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Kick your lunchpail down the road

Part of our NOW WHAT!?! series of stories on looking for work

Estevan – Our focus this month, employment and training was planned when oil was still around $85 a barrel. At that time, things were still looking pretty good, and people were still hiring.

Since then the Saskatchewan oil boom has gone bust, and nearly every day we are getting word of another company laying off staff.

As a result, we’ve switched gears somewhat. Instead of focusing on hiring, this edition tackles the highly stressful situation of being out of a job and looking for work.

There’s lots of terms for it: laid off, pink slip, skidded, run off, downsized, terminated, or, as some pipeliners say, kick your lunchpail down the road.

In this edition, we try to answer the questions that come after the question everyone who has been laid off asks themselves: “Now what?”

Lloydminster reporter Geoff Lee’s stories focus on Employment Insurance, job sharing, job fairs and recruiting. Editor Brian Zinchuk takes a different tack, writing from the first-person singular position as someone looking for work. As a former pipeliner and excavator operator, he’s often been offered work over the years by the companies we do stories on. Most of those offers were joking, but some were more serious. In this edition he sees if someone who used to be able to dig a good ditch 12 years ago can find work in this environment.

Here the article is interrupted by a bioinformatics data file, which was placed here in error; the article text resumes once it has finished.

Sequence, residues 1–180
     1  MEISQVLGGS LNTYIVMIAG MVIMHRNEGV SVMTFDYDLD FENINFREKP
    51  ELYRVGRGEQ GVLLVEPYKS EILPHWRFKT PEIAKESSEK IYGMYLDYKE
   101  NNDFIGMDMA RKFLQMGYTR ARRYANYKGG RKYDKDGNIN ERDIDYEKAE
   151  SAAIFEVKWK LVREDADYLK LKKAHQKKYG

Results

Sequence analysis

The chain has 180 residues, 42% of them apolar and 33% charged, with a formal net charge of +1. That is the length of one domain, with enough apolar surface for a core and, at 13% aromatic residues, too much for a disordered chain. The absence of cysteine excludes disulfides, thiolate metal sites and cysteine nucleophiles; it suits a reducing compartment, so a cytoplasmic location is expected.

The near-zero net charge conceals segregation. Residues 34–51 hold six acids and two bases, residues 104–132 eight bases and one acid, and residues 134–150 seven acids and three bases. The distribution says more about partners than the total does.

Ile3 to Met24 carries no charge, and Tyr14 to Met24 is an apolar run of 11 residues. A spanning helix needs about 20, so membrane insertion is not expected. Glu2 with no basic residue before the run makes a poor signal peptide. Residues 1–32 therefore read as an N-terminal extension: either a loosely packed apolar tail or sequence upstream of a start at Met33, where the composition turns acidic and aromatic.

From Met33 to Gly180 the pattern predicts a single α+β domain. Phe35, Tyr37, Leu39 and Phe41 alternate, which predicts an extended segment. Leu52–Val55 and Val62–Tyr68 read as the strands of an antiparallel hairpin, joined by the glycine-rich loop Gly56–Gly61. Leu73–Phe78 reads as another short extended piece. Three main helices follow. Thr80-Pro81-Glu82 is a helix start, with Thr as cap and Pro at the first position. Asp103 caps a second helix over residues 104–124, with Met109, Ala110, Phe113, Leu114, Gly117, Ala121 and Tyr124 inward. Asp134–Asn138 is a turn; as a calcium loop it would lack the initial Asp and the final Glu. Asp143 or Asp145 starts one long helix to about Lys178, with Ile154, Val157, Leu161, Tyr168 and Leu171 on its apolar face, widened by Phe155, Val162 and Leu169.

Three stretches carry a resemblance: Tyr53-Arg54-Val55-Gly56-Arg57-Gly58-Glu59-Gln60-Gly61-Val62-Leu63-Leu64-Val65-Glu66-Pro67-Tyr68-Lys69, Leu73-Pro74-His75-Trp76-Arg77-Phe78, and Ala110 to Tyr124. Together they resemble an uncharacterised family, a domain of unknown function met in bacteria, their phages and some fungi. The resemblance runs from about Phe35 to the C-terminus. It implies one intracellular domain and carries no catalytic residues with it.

Estevan and area, which not so long ago used to have over 1,100 jobs posted on, had only 447 on March 10. Of those, only 23 could be directly attributed to the oilpatch. It was almost as if the oilpatch, the jobs juggernaut, had disappeared when it came to hiring.

Saskatchewan was largely spared during the downturn of 2008-2009. This was due to two factors: the Saskatchewan Bakken was still considered a hot play, and then-Alberta Premier Ed Stelmach’s tinkering with royalties caused a flight of capital from Wild Rose Country to the Land of Living Skies. However, this time we have not been spared.

With no end of low oil prices in sight, this could be a very long spring breakup. Most people told us they don’t expect to see anything turn around before October. Companies that usually keep their staff during spring breakup are likely going to be laying many off, if they haven’t already. In oil country, the impacts are being felt by everyone, including families.

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